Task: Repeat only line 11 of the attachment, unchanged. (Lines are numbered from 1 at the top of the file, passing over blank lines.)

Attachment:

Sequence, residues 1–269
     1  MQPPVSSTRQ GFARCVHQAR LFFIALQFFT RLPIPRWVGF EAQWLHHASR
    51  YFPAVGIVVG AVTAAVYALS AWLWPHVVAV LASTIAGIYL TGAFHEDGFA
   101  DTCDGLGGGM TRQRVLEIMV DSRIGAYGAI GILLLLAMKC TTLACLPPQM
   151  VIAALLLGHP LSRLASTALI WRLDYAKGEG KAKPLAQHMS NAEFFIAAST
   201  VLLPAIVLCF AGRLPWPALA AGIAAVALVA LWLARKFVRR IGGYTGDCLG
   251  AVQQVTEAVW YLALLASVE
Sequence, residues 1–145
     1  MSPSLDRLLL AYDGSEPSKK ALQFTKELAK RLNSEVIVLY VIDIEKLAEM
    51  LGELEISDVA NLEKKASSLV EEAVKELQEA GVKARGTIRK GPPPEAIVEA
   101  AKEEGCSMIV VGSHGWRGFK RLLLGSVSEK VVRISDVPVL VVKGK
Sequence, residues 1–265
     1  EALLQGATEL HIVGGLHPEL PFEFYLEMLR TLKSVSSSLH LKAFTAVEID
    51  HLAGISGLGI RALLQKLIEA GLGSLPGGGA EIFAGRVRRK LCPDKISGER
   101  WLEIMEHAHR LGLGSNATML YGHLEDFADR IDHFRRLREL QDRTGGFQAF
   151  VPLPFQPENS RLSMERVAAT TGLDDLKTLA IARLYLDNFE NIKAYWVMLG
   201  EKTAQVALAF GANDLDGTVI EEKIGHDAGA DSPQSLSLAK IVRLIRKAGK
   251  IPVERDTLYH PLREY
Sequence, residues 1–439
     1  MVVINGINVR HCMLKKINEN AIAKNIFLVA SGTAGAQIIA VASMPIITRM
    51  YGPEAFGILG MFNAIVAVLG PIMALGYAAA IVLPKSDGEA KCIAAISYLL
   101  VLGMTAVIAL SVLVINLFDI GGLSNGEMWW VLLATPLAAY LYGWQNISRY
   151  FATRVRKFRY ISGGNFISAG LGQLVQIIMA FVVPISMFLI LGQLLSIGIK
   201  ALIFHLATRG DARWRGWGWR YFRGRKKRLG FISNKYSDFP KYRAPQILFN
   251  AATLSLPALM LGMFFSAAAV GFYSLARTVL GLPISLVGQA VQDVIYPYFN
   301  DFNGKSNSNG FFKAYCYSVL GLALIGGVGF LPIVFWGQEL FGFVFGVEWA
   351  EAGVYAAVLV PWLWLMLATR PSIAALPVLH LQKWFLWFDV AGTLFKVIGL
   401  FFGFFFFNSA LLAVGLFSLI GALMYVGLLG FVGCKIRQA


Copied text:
   101  AKEEGCSMIV VGSHGWRGFK RLLLGSVSEK VVRISDVPVL VVKGK